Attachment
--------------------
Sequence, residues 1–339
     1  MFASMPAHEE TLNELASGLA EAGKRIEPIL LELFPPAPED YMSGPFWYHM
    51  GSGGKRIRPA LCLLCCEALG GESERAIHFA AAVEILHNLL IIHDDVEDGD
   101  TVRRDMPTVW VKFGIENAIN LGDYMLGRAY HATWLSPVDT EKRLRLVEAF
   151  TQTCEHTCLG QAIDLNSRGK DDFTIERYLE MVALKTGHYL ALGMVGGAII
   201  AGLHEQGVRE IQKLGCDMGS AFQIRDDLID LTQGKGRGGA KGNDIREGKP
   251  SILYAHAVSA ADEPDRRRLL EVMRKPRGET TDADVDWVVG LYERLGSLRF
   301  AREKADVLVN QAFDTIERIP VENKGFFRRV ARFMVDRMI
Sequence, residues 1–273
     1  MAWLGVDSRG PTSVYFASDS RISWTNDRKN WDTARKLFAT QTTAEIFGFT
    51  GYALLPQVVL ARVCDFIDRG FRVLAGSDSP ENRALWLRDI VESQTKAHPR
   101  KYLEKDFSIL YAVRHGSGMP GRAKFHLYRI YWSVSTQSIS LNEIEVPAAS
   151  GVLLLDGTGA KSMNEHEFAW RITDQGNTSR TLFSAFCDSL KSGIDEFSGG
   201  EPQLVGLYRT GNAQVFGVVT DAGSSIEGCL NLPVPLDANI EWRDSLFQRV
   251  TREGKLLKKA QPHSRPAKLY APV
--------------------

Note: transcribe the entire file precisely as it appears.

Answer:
Sequence, residues 1–339
     1  MFASMPAHEE TLNELASGLA EAGKRIEPIL LELFPPAPED YMSGPFWYHM
    51  GSGGKRIRPA LCLLCCEALG GESERAIHFA AAVEILHNLL IIHDDVEDGD
   101  TVRRDMPTVW VKFGIENAIN LGDYMLGRAY HATWLSPVDT EKRLRLVEAF
   151  TQTCEHTCLG QAIDLNSRGK DDFTIERYLE MVALKTGHYL ALGMVGGAII
   201  AGLHEQGVRE IQKLGCDMGS AFQIRDDLID LTQGKGRGGA KGNDIREGKP
   251  SILYAHAVSA ADEPDRRRLL EVMRKPRGET TDADVDWVVG LYERLGSLRF
   301  AREKADVLVN QAFDTIERIP VENKGFFRRV ARFMVDRMI
Sequence, residues 1–273
     1  MAWLGVDSRG PTSVYFASDS RISWTNDRKN WDTARKLFAT QTTAEIFGFT
    51  GYALLPQVVL ARVCDFIDRG FRVLAGSDSP ENRALWLRDI VESQTKAHPR
   101  KYLEKDFSIL YAVRHGSGMP GRAKFHLYRI YWSVSTQSIS LNEIEVPAAS
   151  GVLLLDGTGA KSMNEHEFAW RITDQGNTSR TLFSAFCDSL KSGIDEFSGG
   201  EPQLVGLYRT GNAQVFGVVT DAGSSIEGCL NLPVPLDANI EWRDSLFQRV
   251  TREGKLLKKA QPHSRPAKLY APV